Teaching at a Jesuit University: A Brief Introduction

by Debra Rudder Lohe, Director, Reinert Center for Transformative Teaching & Learning

If you’re new to the context of a Jesuit institution, you are probably wondering, What’s a Jesuit? And how does a Jesuit university differ from other kinds of schools? And perhaps even more important, for many, is the question, What do the religious traditions of the institution have to do with how I will do my work as a faculty member (or a graduate student)? As you make your transition, I encourage you to learn all you can about your new context, particularly as it is related to education.  Whatever your personal beliefs or views about religion and spirituality, the Jesuit educational mission can shape your interactions with students in deep and meaningful ways.  Below, I offer a few brief reflections on three key Jesuit concepts and how they can inform one’s teaching.

1)  Cura Personalis: Translated as “care for the whole person,” this Latin phrase reminds us to treat with dignity and respect all individuals we encounter. In the context of the classroom, it can be especially helpful in reminding us that our students are whole persons, experiencing a variety of life events, and are developing not just intellectually during their time with us, but also spiritually, physically, and emotionally. As members of a Jesuit educational community, we commit ourselves to understanding the sometimes-divergent processes of whole person development and to guiding students to appropriate resources, should we discover in our work with them, a need for assistance and support along the way.

2) Magis: Latin for “the more” and derived from the phrase Ad majorem Dei gloriam (meaning “for the greater glory of God”), this term represents for Jesuits, as it did for their founder, St. Ignatius of Loyola, a commitment to constantly seeking to do more and be more on behalf of God.  For the purposes of education, it can be thought of as a commitment to continuous improvement and quality, as well as a way to strive for learning that moves us outside of ourselves, into a connection with the larger community beyond the classroom.  With this lens in mind, the purpose of an education becomes more than simply a way to inform ourselves, and more than just a way to make ourselves marketable for employment.  For students, then, magis may perhaps best be thought of as a deepening – a deepening of experience, of learning, of commitment to service and social justice.  For educators, it reminds us continuously to seek new ways of challenging students to engage in meaningful inquiry, to see how what they’re learning in class can enhance their connections outside of class, and to avoid complacency in our own teaching practice.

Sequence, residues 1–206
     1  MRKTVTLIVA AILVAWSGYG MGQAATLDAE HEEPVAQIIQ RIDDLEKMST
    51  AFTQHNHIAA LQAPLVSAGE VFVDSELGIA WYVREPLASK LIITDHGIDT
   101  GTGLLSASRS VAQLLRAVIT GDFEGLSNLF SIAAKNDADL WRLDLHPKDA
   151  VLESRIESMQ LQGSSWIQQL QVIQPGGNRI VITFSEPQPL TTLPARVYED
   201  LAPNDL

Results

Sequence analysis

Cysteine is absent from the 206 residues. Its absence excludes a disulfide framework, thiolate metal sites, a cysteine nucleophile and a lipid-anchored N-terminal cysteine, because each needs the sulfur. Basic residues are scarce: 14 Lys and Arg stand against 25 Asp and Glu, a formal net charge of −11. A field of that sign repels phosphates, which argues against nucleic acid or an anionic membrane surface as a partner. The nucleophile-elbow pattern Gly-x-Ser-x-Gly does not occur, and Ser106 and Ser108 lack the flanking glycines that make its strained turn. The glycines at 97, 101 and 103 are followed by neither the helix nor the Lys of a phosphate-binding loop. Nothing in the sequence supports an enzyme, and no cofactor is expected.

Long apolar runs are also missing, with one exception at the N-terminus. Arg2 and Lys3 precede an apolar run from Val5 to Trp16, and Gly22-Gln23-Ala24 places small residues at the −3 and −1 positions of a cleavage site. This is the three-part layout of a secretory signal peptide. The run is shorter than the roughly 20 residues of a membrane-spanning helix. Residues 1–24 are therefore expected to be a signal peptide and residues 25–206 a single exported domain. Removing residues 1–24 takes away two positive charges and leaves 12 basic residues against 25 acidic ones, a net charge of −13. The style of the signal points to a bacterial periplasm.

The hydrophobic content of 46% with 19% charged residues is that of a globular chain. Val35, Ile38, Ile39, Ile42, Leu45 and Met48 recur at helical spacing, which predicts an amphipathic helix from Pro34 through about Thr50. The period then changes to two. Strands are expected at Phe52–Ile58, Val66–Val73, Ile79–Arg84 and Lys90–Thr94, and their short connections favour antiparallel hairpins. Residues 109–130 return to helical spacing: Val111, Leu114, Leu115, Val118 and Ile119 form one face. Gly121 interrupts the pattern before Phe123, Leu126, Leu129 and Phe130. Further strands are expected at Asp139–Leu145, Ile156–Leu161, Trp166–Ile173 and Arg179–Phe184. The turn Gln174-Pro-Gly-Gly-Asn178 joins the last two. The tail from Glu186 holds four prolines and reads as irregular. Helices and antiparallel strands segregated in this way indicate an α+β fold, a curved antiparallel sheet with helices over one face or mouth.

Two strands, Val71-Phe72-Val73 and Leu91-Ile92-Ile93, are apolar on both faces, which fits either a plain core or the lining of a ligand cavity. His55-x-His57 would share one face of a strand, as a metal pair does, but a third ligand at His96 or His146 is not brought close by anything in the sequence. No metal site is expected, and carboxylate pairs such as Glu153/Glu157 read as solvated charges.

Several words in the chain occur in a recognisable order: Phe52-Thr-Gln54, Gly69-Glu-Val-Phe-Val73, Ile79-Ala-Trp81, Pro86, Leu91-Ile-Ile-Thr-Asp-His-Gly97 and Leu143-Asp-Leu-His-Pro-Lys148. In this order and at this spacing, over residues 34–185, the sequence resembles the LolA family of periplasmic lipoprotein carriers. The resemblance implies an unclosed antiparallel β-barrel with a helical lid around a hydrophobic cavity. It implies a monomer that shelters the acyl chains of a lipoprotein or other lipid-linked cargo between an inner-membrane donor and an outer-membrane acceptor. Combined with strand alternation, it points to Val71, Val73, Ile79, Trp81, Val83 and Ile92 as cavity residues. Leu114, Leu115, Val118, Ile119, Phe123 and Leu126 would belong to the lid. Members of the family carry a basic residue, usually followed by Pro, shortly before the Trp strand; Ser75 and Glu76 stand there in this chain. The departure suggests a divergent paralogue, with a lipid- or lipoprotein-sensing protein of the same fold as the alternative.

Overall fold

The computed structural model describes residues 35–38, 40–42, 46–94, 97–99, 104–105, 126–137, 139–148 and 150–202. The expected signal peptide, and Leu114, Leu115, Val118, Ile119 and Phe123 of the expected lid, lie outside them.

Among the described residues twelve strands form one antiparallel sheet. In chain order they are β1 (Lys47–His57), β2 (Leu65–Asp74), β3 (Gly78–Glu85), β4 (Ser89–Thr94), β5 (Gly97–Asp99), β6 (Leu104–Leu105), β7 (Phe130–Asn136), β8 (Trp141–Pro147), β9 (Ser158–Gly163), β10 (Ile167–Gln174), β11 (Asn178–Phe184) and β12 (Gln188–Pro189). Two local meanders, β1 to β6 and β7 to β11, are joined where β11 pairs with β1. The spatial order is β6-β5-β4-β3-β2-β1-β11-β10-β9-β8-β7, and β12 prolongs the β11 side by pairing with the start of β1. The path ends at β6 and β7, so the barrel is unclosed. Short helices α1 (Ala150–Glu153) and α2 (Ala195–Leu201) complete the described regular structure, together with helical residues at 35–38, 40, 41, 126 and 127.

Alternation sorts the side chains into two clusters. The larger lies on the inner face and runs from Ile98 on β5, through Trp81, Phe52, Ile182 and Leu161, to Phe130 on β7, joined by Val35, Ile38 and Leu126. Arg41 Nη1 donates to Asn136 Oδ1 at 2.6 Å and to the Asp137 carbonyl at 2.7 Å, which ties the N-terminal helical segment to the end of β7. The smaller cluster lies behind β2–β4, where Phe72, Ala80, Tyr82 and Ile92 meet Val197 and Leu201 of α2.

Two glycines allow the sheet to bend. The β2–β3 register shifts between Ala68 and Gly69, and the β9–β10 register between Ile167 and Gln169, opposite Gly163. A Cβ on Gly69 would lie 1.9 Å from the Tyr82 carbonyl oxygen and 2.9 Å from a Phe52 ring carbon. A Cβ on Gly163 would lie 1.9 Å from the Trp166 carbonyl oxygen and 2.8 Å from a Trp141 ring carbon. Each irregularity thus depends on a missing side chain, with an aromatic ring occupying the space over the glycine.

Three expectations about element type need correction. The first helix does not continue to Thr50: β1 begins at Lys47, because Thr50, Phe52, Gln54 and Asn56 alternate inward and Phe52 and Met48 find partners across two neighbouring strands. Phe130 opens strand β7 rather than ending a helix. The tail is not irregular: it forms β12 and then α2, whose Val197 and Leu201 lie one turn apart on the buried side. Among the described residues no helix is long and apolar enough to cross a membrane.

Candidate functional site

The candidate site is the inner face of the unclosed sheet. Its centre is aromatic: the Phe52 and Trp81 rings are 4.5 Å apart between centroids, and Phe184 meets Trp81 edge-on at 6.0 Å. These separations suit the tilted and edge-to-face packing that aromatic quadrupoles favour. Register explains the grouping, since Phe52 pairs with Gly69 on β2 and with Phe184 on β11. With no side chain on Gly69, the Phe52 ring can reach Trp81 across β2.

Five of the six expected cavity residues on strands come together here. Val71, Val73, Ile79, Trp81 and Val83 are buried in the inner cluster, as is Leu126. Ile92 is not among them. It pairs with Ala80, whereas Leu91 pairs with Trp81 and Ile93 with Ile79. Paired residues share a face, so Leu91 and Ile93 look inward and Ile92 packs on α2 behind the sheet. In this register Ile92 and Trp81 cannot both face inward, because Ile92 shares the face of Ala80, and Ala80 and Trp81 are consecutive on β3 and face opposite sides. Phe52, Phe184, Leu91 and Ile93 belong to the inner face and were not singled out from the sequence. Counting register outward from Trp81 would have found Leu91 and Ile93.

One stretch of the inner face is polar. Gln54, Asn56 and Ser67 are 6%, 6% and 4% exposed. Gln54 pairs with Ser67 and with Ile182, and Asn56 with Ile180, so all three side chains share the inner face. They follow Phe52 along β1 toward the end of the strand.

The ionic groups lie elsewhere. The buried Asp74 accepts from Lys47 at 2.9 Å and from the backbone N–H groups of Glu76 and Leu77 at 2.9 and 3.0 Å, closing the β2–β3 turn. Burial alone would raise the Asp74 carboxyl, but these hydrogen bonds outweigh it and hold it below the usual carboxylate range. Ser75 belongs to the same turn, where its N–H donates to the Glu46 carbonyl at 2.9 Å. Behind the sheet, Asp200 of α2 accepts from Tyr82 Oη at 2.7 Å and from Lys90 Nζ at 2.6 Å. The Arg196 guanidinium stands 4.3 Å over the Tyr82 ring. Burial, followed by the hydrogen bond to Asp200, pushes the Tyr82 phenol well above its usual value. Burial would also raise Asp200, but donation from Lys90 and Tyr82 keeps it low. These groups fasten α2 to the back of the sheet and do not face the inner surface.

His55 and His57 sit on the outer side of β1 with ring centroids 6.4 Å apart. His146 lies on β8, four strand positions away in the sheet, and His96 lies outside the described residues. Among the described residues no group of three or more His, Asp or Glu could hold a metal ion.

3) The Ignatian Pedagogical Paradigm: The elements of Ignatian pedagogy are derived from the Spiritual Exercises, a set of reflections and scriptural contemplations meant to guide a spiritual retreat.  As with the Exercises, the crux of Ignatian pedagogy is the constant interplay between one’s experience, reflection on that experience, and action that follows from one’s reflections.  Within the Ignatian Pedagogical Paradigm, effective teaching is rooted in a deep understanding of context – where individual learners are on their journey, what their previous experiences have been, and what they are prepared to learn.  With close attention to context, a teacher (or, in the case of the Exercises, a spiritual director) creates learning experiences, facilitates students’ reflections on what they’ve learned, and helps students put what they’ve learned into action.  Ultimately, the process culminates in evaluation – and in the best cases, self-evaluation – as the student considers what has worked well and what hasn’t.  Drawing on the results of this evaluation, the student engages in new learning experiences, and the process begins again.  (Fortunately, whether you call them “Ignatian” or not, the elements of Ignatian pedagogy are also the same ones supported by the research on what constitutes effective learning.)

While there is much more to a Jesuit education than this, these concepts can get you started.  For a fuller understanding of these and other key concepts for Jesuits, see Xavier University’s glossary, Do You Speak Ignatian? For more on Ignatian pedagogy, have a look at these resources.  And to find out more about SLU’s Jesuit mission, read In Perspective: An Overview of the Intellectual, Ethical and Religious Foundations of Saint Louis University.  To talk with someone in the Reinert Center for Transformative Teaching & Learning about how you can use the framework of Ignatian pedagogy more intentionally in your own classes, contact us by phone (314-977-3944) or by email (cttl@slu.edu).

 

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